Analysis : ' The ' A Tick Tock '

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Imagine, if you will, a society in which time has no clout, dominion, or sway. As you peer from the edge of today and into the bleak personifications of history - that is the unwelcoming Ancient Roman Empire – a delicate gleam weaves its way through the obscurity: be it days of harmony and concord. Here, the ever-so governing ‘tick-tock’ is but a relic of history, blissfully otiose to the human consciousness. Days of halcyon supervene, engulfing the timeless world in a wildfire of symbolic invincibility. “Welcome”, says the Roman nation, “to our Utopia.” Mankind has forever been at odds with the concept of time. In fact, we as a people have insentiently invoked its essence to our young, our elderly, and ourselves for ages. Ironically,…show more content…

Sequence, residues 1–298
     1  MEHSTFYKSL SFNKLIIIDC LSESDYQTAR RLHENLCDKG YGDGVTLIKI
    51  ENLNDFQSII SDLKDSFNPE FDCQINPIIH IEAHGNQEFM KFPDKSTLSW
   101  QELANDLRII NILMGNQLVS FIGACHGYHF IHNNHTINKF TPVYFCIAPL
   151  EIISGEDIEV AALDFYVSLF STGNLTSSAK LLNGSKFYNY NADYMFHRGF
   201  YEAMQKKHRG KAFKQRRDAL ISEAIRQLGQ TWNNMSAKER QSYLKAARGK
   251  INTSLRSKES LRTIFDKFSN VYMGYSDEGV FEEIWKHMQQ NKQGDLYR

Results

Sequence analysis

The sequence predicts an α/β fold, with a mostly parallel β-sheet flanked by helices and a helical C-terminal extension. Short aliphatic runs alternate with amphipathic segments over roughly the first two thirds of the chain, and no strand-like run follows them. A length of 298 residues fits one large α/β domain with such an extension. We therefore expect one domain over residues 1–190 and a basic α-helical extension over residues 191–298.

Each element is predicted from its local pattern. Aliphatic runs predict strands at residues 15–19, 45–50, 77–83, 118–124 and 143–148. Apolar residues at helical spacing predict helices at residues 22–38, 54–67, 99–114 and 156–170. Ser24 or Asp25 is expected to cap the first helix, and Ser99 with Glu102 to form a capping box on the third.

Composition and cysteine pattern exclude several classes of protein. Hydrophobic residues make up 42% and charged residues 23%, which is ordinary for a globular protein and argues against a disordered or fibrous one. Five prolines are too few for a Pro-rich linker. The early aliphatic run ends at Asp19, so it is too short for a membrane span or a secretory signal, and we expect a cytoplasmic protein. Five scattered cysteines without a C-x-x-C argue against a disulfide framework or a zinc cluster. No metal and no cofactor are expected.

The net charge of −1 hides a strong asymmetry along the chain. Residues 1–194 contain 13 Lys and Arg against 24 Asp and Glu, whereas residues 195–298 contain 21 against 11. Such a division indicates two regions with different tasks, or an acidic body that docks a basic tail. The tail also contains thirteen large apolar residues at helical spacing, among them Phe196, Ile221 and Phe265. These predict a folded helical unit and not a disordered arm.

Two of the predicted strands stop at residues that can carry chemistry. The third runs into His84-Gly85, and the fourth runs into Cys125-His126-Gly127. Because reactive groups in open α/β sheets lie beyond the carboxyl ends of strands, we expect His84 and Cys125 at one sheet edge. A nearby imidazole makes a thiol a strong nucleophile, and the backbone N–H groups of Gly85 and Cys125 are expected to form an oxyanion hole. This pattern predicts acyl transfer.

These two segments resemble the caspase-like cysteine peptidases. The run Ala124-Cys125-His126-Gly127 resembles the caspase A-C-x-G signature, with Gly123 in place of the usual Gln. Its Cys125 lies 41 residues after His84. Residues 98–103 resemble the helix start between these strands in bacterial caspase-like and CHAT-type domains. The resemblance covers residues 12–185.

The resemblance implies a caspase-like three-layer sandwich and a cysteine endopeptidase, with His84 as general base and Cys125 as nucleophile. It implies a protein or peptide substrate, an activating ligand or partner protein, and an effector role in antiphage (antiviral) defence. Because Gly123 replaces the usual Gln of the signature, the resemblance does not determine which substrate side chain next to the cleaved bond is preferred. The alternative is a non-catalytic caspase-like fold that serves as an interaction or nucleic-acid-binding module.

Ironically, Rome was established on the Tiber River, the very river that nearly killed the sons of Mars. Around the the eighth century B.C.E, Ancient Rome grew from a small town on central Italy’s Tiber River into a supreme empire that, at its peak, encompassed most of continental Europe, Britain, much of western Asia, northern Africa and the Mediterranean islands. Among the many relics of Roman supremacy are the extensive uses of Romance languages (Romanian, Spanish, Portuguese, Italian, and French) across the globe, in addition to the modern Western alphabet, calendar, and the arrival of Christianity (which would later travel the world at breakneck pace). After a 450-year term as a Republic, Rome became was unified into an empire. The end of one era (Julius Caesar) gave rise to another (Augustus), thereby conceiving what would become known as the Roman Empire. The vast and glorious reign of Augustus initiated a ‘golden age’ in Rome, where peace and prosperity were commonplace. A long, non-hereditary succession of kings would follow, preserving the splendor of Rome and fortifying it for centuries to come. By 509 B.C.E., Rome’s reign as a monarchy would come to a dramatic halt. Lucius Tarquinius Superbus, its seventh king, would be overthrown. Superbus, whom ancient and modern historians alike depicted as unpleasant and domineering, served as a strikingly unusual leader when compared to the benevolence of his predecessors. The
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